Uzbekistan Base Decision Won't Leave US Without Options

Uzbekistan Base Decision Won't Leave US Without Options

( - An Uzbekistan Senate resolution approving the government's decision to expel the United States from an airbase appears unlikely to have a serious impact on the U.S. military, which has been investigating alternative arrangements.

Although the lawmakers cited health, environmental and financial concerns, the move is widely seen as part of a backlash against Washington's criticism of the Central Asian nation's human rights record.

The Senate approval was not unexpected, said Kirill Nourzhanov, a Central Asia specialist at the Australian National University, as the 100-seat upper chamber is overwhelmingly loyal to President Islam Karimov.

"It's an absolute rubber stamp, even worse than the lower house of parliament," he said Monday. "It's a joke."

Washington and Tashkent signed an agreement in Oct. 2001, allowing the U.S. to use the Soviet-era Karshi-Khanabad airbase in the south of the country. America at the time was preparing to launch its military campaign against the Taliban militia and al-Qaeda allies in neighboring Afghanistan, following 9/11.

The resolution agreed upon Friday said the Senate saw no reason for retaining the agreement as "the period of war and conduction of large-scale military operations in Afghanistan has generally been concluded."

The measure also included one major complaint - that the U.S. had not paid for infrastructure work or to compensate those living near the airbase for harm caused to their health, or for damage to the environment.

During a debate on the resolution, lawmakers said Uzbekistan had spent $168 million for the infrastructure at the base -- known by the U.S. military as K-2 -- but had received nothing from the U.S.

Some also raised concerns about health problems allegedly experienced by the local population, and about the base "spoiling the environment."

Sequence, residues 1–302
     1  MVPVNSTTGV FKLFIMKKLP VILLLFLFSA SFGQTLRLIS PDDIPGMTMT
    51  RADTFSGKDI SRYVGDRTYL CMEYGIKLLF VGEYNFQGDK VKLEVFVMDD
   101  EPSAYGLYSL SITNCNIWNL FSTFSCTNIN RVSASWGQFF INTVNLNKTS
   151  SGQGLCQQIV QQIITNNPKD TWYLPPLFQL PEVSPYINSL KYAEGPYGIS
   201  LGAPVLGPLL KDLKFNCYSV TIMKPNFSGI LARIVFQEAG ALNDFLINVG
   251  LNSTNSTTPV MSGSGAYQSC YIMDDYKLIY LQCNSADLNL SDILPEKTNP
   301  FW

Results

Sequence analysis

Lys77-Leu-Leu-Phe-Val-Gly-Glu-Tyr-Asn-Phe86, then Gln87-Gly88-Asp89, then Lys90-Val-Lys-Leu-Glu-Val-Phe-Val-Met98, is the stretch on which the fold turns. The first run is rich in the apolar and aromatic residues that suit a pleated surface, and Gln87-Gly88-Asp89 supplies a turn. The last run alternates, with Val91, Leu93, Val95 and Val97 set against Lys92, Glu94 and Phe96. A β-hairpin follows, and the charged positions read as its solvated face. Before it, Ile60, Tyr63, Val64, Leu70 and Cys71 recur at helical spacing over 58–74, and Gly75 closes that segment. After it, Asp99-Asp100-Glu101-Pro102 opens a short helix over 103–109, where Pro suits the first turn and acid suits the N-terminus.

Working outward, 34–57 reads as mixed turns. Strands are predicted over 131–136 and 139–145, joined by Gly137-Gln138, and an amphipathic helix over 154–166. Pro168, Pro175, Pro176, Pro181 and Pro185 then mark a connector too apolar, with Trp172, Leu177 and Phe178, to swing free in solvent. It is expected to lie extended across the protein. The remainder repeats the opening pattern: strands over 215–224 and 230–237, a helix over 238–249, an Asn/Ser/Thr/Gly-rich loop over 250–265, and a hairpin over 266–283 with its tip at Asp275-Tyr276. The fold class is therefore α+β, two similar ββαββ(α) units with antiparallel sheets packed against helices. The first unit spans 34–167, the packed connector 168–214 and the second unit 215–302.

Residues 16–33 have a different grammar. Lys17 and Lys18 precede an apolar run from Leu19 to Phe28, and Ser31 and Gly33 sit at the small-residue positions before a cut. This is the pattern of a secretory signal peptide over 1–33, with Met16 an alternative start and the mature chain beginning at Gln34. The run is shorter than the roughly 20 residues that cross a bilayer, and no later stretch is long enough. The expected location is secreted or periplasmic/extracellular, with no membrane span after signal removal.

But despite assertions by several lawmakers that the decision had nothing to do with American criticism of the government's actions -- in particular over a violent military clampdown on protestors in the town of Andijan last March -- political reasons for the decision were evident.

"A man with two faces cannot be a friend of Uzbekistan," Muriddin Zayniddinov, a senator from the region where K-2 is located, said in an address.

Although Washington has in the past raised human rights violations with Uzbekistan, Karimov was incensed when the U.S. backed calls for an international investigation into the events in Andijan.

Human rights groups believe up to 750 people died in the crackdown, while the government put the death toll at 187. Uzbekistan grumbled about a possible Western hand behind the protests, which came after political transitions -- "colored revolutions" -- in Kyrgyzstan, Ukraine and Georgia.

Karimov reacted to the U.S. criticism first by restricting flights in and out of the base, then by launching a stinging attack during a July 5 summit of a regional bloc, the Shanghai Cooperation Organization (SCO), complaining that outside forces were attempting to "hijack stability" in Central Asia.

The SCO, comprising four Central Asian republics as well as Russia and China, ended that summit by calling on the U.S. to set a timetable for withdrawing its forces from the region.

Three weeks later, Karimov formally gave the U.S. 180 days to vacate K-2, a decision now endorsed by the Senate.